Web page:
Archive | 9:47 pm

Airing Out My Bitchies

16 Feb

Today I am tired of trying to be upbeat and optimistic. Although I usually am (or at least try to pretend to be) most days because it just feels better, today I am not. Today I am gloomy Mcgloomster and I don’t want to pretend or try. I was going to FB about it, but then I thought “Shit. Isn’t this what the blog is for? Letting my bitchiness all hang out.”

I think my morning started off badly when my demon child, lovely 2yr old daughter, woke me up at 5:45am by jumping on my head screeching at volume 1,000 “MOOOOMMY! I’M DONE SLEEEEEPIIIINNNGGG!”

I will now need to add search for hearing aids on my list of To Do’s today.

After begging, pleading, bargaining, yelling, and cursing at her to please go back to bed until at least 6:45, I pouted and reluctantly stomped down stairs. She didn’t hear any of my pleas because apparently when she realized mommy was in a bad mood she high-tailed it to her happy place. I found her sitting in her favorite spot. Inside the TV. Girlfriend could not possible sit any closer to the thing if she tried.

After turning on Mickey Mouse (good thing that crap comes on early) I made coffee and proceeded to drink somewhere between 3 and 10 cups. I lost track after my 3rd trip to the bathroom. It’s my own fault for staying up so late. I seem to have developed an unhealthy obsession with shows about the paranormal. Apparently I am not the only one because every month Syfy, the Travel Channel, Bio, and every other channel on cable has added a new ghost show to their repertoire. Last night it was Ghost Adventures and The Dead Files.

This stuff is serious….and I am fascinated. It drives my husband bonkers. Sorry honey. It’s a hobby? Of course I can’t watch anything during the day so I am forced to stay up late into the night scaring the crap out of myself. See Ginger? The reason mommy is in a bad mood is because you force me to watch ghost shows at night.

After spending some quality time on Facebook I decided that I needed to get out of the house. Air out my bitchies. My mom came over and we took the three kids to the park. It was good and I felt better. Oli had fun driving her little swivel car. Ginger and Koa ran around screaming and throwing sand. I decided to take Oli down the slide. It sounded like a good idea until I turned around and discovered two other children had also decided to go down the slide.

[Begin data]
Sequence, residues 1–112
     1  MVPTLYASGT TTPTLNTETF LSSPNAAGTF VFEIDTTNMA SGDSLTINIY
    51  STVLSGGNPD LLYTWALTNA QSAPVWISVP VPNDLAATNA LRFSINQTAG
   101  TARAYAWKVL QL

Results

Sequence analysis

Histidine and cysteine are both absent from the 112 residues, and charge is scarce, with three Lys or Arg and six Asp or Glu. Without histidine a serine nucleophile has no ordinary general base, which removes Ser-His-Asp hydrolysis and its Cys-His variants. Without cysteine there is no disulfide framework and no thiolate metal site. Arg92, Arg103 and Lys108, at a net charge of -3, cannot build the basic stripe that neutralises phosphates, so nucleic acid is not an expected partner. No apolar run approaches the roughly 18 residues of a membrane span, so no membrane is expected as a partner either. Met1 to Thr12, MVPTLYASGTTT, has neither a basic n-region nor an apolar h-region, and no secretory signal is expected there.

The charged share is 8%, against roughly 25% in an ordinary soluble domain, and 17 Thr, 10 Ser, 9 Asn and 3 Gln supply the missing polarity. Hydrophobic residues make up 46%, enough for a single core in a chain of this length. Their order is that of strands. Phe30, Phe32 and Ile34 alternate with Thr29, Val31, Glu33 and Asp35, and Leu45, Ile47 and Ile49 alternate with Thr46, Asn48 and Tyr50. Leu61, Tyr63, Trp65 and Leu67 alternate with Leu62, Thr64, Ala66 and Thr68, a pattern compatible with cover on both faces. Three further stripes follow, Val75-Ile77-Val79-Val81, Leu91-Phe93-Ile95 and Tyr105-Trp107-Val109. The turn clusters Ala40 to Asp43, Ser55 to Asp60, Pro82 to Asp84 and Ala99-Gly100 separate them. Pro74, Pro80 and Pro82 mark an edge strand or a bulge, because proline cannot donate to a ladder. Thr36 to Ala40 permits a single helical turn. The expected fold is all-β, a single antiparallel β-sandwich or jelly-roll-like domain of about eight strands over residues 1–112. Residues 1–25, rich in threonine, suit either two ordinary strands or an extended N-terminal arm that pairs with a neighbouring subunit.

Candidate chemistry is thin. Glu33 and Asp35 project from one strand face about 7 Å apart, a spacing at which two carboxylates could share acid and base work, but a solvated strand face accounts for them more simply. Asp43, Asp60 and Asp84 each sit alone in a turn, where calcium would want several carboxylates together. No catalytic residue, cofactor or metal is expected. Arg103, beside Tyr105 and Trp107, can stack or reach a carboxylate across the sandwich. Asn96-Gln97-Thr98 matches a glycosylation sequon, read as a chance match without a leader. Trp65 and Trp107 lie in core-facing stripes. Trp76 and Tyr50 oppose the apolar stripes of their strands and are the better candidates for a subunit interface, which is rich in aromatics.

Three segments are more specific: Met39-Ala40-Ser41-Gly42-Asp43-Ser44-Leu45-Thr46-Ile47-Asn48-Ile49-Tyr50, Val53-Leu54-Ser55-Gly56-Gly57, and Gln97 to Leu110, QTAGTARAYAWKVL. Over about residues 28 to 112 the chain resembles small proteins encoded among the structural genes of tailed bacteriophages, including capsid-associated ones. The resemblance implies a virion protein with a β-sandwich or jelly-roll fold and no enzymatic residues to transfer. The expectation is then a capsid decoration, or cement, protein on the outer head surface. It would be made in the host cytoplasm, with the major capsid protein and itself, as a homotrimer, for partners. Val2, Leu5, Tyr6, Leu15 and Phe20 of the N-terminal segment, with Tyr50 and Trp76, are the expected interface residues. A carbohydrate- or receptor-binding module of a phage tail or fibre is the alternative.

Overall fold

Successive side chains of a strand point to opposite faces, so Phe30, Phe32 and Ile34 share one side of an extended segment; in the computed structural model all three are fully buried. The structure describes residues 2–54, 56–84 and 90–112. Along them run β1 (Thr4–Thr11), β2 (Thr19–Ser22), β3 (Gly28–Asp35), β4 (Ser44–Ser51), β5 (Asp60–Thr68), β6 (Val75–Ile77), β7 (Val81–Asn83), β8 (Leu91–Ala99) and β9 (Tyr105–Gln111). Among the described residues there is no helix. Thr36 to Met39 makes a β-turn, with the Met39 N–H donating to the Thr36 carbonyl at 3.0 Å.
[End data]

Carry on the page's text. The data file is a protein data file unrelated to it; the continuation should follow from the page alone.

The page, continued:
My immediate thought was “Children, please don’t say anything stupid to me about Oli because I’m just not in the mood for lovely flower and cupcake responses.” Kids are always asking questions about Oli. Usually they are just curious. Sometimes they’re mean, but that doesn’t happen very often. Today, I just didn’t want to deal with it. I can’t remember the last time I went to the park with Oli and someone didn’t ask questions about her.

Why doesn’t she talk? Why doesn’t she walk? What’s wrong with her eyes? Is she a baby?

Normally I just tell them that God made her different and that she is blind. I’m nice and friendly. Honestly I would much rather have them ask me questions than just stare at her. Today I was just tired. I just wanted to be able to have fun at the park with her with other kids around and not have to answer questions.

So when the little girl came up to me and asked why she doesn’t talk I just responded “She just can’t.” I did smile, but then turned my back and walked away with Oli.